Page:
"It is that sorceress, my brother's wife," said Richard, "and that other vile sorceress, worse than she, Jane Shore. See!"
This allusion to Jane Shore was somewhat ominous for Hastings, as it was generally understood that since the king's death Lord Hastings had taken Jane Shore under his protection, and had lived in great intimacy with her.
As Richard said this, he pulled up the sleeve of his doublet to the elbow, to let the company look at his arm. This arm had always been weak, and smaller than the other.
"See," said he, "what they are doing to me."
He meant that by the power of necromancy they had made an image of wax as an effigy of him, according to the mode explained in a previous chapter, and were now melting it away by slow degrees in order to destroy his life, and that his arm was beginning to pine and wither away in consequence.
The lords knew very well that the state in which they saw Richard's arm was its natural condition, and that, consequently, his charge against the queen and Jane Shore was only a pretense, which was to be the prelude and excuse for some violent measures that he was about to take. They scarcely knew what to say. At last Lord Hastings replied,
"Certainly, my lord, if they have committed so heinous an offense as this, they deserve a very heinous punishment."
"If!" repeated the Protector, in a voice of thunder. "And thou servest me, then, it seems, with ifs and ands. I tell thee that they have so done—and I will make what I say good upon thy body, traitor!"
He emphasized and confirmed this threat by bringing down his fist with a furious blow upon the table.
This was one of the signals which he had agreed upon with the people that he had stationed without at the door of the council hall. A voice was immediately heard in the ante-chamber calling out Treason. This was again another signal. It was a call to a band of armed men whom Richard had stationed in a convenient place near by, and who were to rush in at this call. Accordingly, a sudden noise was heard of the rushing of men and the clanking of iron, and before the councilors could recover from their consternation the table was surrounded with soldiery, all "in harness," that is, completely armed, and as fast as the foremost came in and gathered around the table, others pressed in after them, until the room was completely full.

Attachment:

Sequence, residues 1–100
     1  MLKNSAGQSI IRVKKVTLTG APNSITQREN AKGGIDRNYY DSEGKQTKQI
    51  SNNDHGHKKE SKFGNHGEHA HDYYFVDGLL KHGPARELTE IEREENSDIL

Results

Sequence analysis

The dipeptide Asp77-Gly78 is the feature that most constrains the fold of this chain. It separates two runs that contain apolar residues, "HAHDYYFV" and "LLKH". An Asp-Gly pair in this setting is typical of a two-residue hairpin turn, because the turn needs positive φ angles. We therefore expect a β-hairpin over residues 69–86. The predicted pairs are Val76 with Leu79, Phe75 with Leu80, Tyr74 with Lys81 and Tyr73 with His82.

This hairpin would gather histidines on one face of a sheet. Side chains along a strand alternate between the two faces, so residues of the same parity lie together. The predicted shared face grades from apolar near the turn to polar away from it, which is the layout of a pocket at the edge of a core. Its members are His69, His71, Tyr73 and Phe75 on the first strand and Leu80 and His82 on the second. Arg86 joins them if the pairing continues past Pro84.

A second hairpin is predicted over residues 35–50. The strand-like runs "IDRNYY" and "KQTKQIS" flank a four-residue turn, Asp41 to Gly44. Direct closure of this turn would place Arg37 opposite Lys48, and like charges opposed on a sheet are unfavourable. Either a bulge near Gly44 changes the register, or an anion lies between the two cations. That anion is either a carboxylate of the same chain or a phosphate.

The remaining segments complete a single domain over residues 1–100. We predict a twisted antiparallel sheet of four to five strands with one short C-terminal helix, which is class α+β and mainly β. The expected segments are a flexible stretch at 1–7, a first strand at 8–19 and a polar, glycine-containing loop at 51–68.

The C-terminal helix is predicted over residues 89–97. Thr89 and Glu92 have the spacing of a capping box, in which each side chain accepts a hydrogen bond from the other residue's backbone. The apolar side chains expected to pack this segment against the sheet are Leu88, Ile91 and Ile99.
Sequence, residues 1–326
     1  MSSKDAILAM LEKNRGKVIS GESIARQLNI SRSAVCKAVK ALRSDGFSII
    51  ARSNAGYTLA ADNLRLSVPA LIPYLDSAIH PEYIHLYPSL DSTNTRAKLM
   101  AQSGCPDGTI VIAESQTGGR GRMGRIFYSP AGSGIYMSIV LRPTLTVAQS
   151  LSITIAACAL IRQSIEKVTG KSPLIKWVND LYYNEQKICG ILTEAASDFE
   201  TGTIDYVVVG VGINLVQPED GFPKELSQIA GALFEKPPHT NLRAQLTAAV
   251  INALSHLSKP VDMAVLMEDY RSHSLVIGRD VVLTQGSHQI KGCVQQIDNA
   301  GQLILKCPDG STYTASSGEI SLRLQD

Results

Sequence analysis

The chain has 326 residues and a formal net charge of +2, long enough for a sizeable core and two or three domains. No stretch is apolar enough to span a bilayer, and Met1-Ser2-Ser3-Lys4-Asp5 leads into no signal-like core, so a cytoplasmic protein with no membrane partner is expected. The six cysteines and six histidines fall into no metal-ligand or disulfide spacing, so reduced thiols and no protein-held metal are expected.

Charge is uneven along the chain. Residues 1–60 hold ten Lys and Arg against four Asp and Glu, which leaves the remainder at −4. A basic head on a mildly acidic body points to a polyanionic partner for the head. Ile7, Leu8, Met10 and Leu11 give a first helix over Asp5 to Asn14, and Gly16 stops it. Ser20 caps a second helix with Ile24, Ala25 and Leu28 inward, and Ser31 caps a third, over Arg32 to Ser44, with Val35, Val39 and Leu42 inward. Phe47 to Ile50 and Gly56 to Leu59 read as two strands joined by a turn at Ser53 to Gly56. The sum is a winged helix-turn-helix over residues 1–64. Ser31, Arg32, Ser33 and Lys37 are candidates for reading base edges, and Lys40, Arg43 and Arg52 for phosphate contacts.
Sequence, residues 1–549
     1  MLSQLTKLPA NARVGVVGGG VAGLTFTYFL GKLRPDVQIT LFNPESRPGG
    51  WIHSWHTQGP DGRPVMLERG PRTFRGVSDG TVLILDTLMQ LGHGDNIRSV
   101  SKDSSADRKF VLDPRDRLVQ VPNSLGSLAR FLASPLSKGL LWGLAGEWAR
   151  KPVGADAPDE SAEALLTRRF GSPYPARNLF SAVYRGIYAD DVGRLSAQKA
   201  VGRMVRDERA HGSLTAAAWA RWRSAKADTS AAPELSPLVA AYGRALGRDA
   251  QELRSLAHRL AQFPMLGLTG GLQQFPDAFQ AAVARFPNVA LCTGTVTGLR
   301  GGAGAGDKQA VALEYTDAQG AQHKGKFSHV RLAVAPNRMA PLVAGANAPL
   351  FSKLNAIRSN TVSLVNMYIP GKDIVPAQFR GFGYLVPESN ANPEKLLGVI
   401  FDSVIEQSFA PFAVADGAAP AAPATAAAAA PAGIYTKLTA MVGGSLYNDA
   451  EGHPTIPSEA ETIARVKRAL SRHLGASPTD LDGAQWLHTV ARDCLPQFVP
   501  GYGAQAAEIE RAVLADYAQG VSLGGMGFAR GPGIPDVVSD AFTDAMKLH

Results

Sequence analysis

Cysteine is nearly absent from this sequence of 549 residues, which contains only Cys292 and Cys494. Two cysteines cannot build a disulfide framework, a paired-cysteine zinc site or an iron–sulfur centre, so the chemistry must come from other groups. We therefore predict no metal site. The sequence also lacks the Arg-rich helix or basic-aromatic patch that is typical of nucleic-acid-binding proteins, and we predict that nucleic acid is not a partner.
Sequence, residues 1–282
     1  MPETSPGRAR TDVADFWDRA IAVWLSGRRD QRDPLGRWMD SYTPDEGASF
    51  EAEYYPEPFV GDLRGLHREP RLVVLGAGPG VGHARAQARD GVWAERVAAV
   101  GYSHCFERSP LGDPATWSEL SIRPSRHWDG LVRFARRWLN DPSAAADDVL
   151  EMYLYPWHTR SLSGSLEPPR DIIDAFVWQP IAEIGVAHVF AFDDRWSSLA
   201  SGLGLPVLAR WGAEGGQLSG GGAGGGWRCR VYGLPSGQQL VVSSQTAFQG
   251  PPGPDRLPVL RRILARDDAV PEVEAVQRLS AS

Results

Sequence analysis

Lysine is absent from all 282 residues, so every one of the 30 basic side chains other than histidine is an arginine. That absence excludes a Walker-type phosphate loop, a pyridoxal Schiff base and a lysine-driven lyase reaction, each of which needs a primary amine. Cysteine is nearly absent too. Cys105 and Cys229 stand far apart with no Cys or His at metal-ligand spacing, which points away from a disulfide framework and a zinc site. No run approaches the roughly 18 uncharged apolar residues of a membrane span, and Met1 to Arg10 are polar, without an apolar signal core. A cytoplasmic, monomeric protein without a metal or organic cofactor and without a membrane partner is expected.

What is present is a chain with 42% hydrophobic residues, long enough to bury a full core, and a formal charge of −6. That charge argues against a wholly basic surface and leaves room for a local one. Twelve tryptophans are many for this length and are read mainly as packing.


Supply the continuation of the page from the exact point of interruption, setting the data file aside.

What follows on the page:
Richard, designating Hastings with a gesture, said suddenly, "I arrest thee, traitor."
"What! me, my lord?" exclaimed Hastings, in terror.
"Yes, thee, traitor."
Two or three of the soldiers immediately seized Hastings and prepared to lead him away. Other soldiers laid hands upon several of the other nobles, such as Richard had designated to them beforehand. These, of course, were the leading and prominent men of the party opposed to Richard's permanent ascendency. Most of these men were taken away and secured as prisoners in various parts of the Tower. As for Hastings, Richard, in a stern and angry manner, advised him to lose no time in saying his prayers, "for, by the Lord," said he, "I will not to dinner to-day till I see thy head off."
Then, after a brief delay, to allow the wretched man a few minutes to say his prayers, Richard nodded to the soldiers to signify to them that they were to proceed to their work. They immediately took their victim out to a green by the side of the Tower, and, laying him down with his neck across a log which they found there, they cut off his head with a broad-axe.
The same day Richard sent off a dispatch to the north, directed to the men who had in charge the Earl Rivers, and the other friends of the king who had been made prisoners when the king was seized at Stony Stratford, ordering them all to be beheaded. The order was immediately obeyed.
The person who had charge of the execution of this order was a stern and ruffian-like officer named Sir Richard Ratcliffe. This man is quite noted in the history of the times as one of the most unscrupulous of Richard's adherents. He was a merciless man, short and rude in speech, and reckless in action, destitute alike of all pity for man and of all fear of God.
The place where the prisoners had been confined was Pomfret Castle.[M] On receiving the orders from Richard, Ratcliffe led them out to an open place without the castle wall to be beheaded. The executioners brought a log and an axe, and the victims were slaughtered one after another, without any ceremony, and without being allowed to say a word in self-defense.
[Footnote M: Called sometimes Pontefract.]